Clinical Key on mobile phoneClinical decision support (CDS) is not new. I trained pre-laptop and pre-Internet. For me, clinical decision support was a ring-bound Washington Manual (remember that, guys?). I remember sitting at the nursing station, Manual open to the appropriate page, writing my admitting orders—by hand, of course. The Manual was the Intern’s Bible of its day.

Now, of course, CDS is all about having the information at your fingertips with the click of a mouse. Decision support is built into EHRs, sometimes to the annoyance of the clinician unable to go further without responding to a box asking questions like “Are all the patient’s immunizations up-to-date?” CDS is also available via apps and platforms on hand-held devices being used at the point of care. Docs no longer have to excuse themselves to go look up a dose in the ponderous PDR stashed on a bookshelf in their office. If Google glass or its successor(s) get widely used, CDS will undoubtedly be embedded there as well.


The right content at the right time

CDS is all about the right content at the right time…and in the right amount. You don’t want to wade through mounds of information to get the tidbit you need in order to write the prescription or arrange the proper follow-up.

So I was really interested to learn what Elsevier, the purveyor of many fine medical books and journals (too many hidden behind a paywall though), is up to with their CDS product branded as Clinical Key. Peter Edelstein, MD, their Chief Medical Officer and former trauma and cancer surgeon, joined me, at HIMSS to chat on film about their approach. It is actually very interesting and, I think, warrants the label of next generation Clinical Decision Support. In a nutshell, Elsevier is producing clinical content for use at the point of care and beyond that is customized to the user. Although the evidence base is the same, nurses will see content on a topic that includes information from nursing journals; doctors will see content from sources they know and trust (many of them, of course, Elsevier journals and books); and pharmacists will have content customized to their unique needs.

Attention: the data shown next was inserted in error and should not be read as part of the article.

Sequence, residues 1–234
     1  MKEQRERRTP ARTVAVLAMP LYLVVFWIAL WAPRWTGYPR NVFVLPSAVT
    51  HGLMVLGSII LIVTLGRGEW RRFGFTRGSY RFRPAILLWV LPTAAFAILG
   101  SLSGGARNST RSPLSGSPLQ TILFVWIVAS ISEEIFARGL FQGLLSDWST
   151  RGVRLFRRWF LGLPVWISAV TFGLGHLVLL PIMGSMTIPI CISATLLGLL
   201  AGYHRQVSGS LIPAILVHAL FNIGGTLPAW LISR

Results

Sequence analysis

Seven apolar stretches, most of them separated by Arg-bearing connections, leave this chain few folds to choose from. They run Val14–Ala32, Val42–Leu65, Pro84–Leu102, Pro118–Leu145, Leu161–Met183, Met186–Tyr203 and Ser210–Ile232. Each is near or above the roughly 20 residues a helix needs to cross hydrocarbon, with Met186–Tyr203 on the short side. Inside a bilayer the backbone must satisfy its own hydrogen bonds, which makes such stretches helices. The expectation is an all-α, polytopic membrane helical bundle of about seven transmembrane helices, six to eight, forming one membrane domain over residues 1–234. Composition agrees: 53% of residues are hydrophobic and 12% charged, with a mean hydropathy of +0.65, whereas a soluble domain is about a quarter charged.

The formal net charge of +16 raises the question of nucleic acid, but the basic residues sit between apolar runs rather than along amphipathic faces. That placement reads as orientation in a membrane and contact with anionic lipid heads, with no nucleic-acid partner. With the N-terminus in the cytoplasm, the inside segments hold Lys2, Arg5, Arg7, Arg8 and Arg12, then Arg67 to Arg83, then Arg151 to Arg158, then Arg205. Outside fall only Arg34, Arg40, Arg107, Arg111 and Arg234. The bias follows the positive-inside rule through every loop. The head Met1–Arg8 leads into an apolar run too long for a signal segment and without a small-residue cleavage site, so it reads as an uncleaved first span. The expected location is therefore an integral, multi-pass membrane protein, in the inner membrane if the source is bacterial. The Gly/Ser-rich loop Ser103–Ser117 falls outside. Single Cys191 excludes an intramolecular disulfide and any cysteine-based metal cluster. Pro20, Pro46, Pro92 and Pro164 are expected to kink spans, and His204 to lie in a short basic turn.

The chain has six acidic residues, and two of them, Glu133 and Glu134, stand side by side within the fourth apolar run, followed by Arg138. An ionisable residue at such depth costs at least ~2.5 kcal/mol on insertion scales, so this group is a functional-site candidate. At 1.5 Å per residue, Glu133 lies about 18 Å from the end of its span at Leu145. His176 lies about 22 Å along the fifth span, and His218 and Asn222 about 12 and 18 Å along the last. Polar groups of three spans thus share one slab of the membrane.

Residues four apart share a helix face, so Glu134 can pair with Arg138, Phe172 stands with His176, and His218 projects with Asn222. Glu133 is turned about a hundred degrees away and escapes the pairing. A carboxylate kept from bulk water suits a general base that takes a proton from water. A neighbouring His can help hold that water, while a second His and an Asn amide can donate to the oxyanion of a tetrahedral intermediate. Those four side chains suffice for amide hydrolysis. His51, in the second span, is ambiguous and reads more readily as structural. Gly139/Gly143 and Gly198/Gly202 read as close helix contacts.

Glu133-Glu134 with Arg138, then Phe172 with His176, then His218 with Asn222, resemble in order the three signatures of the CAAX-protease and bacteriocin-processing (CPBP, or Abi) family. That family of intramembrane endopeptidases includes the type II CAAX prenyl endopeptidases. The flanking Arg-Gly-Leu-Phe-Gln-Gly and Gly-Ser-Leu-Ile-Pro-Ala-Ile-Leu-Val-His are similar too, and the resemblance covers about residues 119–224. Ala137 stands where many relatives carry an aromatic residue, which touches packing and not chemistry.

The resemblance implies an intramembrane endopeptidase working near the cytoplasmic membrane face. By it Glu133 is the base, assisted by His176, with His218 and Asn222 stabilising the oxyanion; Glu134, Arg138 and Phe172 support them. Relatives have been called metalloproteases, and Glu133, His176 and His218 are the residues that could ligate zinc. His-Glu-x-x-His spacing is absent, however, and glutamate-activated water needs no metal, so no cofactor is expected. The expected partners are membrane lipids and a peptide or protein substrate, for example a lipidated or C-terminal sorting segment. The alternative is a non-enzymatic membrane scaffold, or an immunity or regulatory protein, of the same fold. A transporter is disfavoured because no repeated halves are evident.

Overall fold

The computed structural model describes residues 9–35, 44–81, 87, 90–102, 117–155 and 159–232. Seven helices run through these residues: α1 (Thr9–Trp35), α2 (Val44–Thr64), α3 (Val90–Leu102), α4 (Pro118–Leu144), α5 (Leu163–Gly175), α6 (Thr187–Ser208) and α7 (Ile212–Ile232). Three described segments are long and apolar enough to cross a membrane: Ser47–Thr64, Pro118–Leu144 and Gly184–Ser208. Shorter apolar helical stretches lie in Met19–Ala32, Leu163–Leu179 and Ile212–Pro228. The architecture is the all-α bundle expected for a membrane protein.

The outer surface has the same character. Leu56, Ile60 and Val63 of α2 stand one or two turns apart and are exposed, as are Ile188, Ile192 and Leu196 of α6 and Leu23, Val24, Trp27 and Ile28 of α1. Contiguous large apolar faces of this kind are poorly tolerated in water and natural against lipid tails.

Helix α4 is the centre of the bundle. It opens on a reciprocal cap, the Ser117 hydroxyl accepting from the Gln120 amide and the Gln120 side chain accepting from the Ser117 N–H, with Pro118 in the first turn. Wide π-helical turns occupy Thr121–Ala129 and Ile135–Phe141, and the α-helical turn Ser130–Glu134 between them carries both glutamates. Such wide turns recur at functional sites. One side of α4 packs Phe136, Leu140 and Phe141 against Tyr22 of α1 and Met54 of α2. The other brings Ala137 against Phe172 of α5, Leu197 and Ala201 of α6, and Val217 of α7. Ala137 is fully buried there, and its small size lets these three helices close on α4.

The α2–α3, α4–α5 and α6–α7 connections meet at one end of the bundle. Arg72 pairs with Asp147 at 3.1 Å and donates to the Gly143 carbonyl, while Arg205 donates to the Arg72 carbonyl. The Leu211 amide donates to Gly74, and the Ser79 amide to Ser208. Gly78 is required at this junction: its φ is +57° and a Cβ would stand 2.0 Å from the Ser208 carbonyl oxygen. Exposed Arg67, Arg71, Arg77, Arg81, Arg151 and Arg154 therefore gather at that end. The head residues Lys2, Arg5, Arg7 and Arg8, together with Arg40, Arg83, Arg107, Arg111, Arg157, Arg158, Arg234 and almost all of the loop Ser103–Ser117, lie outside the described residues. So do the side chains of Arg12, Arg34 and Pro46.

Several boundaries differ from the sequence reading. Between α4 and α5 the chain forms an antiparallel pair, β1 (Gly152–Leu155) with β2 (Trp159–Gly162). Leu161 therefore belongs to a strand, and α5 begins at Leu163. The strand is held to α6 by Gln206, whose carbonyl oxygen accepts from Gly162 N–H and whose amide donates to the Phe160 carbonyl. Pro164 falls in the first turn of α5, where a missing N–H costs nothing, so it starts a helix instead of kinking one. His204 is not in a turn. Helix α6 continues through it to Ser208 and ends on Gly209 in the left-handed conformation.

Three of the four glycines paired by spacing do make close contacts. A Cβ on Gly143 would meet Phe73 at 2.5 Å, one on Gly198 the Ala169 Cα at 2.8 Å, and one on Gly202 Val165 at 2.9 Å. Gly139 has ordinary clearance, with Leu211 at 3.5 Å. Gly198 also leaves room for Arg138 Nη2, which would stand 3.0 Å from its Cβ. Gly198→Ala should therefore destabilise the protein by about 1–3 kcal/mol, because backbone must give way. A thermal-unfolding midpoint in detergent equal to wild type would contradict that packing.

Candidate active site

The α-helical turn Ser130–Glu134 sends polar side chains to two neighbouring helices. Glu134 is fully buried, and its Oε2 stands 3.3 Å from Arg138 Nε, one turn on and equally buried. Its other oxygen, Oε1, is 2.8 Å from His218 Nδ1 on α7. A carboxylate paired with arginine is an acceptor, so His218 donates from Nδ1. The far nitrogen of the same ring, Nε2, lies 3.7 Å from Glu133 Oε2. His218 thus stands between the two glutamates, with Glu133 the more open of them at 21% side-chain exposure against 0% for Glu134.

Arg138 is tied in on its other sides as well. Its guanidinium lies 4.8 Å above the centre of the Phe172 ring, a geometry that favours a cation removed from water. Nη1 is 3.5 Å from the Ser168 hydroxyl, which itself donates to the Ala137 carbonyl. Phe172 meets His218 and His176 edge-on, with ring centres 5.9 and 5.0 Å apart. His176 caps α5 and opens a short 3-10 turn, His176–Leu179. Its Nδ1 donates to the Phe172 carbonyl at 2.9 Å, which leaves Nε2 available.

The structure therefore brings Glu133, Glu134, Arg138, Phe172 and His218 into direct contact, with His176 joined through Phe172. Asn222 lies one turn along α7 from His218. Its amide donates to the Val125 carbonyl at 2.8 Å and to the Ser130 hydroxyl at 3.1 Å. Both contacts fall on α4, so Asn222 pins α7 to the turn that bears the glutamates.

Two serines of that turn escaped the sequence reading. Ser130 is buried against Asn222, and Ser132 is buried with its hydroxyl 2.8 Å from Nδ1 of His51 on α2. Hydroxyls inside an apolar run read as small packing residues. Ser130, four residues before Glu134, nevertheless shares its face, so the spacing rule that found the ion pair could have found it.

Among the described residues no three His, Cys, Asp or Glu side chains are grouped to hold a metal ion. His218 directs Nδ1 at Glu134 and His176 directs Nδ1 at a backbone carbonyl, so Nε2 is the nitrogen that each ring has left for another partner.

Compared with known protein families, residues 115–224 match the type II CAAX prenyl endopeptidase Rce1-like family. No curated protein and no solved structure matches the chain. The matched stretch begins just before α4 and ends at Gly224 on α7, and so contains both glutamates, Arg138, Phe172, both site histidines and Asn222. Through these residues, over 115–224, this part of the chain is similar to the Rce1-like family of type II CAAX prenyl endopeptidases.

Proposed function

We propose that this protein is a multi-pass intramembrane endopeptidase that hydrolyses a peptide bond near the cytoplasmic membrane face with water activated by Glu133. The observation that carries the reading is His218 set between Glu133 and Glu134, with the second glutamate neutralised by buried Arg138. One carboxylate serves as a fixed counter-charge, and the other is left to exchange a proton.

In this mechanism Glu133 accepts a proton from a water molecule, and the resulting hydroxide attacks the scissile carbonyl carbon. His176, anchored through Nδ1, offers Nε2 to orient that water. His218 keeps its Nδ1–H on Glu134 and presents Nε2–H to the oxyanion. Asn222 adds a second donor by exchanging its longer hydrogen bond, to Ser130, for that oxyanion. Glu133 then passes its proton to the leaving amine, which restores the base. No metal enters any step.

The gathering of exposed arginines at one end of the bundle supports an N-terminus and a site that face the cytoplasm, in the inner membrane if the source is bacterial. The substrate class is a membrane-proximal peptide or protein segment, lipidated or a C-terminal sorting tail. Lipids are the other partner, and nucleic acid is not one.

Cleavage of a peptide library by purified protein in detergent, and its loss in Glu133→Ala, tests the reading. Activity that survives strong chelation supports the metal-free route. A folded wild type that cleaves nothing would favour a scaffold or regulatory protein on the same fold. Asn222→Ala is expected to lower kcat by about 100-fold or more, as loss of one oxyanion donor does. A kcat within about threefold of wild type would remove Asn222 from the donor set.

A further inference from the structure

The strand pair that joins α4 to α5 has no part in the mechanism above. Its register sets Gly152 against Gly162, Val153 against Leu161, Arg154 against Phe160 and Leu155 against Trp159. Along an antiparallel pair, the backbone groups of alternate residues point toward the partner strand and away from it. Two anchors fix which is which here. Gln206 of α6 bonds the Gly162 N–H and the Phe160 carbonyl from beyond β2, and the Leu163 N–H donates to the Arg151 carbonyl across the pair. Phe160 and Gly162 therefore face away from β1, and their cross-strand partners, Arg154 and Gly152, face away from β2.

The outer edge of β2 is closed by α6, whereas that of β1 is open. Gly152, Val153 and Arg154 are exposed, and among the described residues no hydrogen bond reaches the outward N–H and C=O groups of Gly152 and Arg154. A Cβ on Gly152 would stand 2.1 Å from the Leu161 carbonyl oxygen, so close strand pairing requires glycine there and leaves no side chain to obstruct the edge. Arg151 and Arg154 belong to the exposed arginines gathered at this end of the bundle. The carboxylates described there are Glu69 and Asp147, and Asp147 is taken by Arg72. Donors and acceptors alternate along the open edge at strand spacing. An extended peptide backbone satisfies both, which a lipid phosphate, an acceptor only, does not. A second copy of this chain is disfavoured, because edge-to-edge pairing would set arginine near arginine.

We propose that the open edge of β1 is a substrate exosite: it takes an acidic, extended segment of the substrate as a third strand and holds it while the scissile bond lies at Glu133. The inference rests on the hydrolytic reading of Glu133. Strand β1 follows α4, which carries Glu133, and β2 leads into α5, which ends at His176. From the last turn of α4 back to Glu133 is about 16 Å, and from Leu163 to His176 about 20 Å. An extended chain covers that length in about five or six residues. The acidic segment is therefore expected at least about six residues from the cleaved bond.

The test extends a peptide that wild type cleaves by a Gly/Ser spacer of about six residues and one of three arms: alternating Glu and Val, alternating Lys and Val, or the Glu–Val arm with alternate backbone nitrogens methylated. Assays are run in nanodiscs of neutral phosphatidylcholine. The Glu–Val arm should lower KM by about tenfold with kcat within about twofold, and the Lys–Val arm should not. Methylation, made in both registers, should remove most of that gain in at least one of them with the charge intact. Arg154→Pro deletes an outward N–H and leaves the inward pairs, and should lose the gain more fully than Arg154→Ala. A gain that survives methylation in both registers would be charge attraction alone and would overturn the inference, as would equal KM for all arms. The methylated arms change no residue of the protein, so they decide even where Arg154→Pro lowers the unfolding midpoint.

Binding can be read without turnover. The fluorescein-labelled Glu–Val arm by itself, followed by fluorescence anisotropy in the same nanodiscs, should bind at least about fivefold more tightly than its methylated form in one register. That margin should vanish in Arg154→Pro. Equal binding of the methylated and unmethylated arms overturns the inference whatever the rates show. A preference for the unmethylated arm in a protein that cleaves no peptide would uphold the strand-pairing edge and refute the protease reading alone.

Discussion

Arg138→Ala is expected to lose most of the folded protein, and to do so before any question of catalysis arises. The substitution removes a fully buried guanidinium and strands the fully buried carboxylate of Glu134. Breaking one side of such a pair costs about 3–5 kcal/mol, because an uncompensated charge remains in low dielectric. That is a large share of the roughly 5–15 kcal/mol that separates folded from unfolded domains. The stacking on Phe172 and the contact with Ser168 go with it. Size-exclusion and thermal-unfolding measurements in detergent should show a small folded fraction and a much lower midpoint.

Dr. Edelstein says Clinical Key differs from its competitor, Up-to-Date because their content targets not only PCPs, but also specialists. And, he says that patients get content that reflects their needs at the time—all in the right language and at the right educational level. He says they also have “millions” of videos to draw from.

Full disclosure, I have not used Clinical Key in a clinical setting myself, but I did sign up for a free trial and you can, too.



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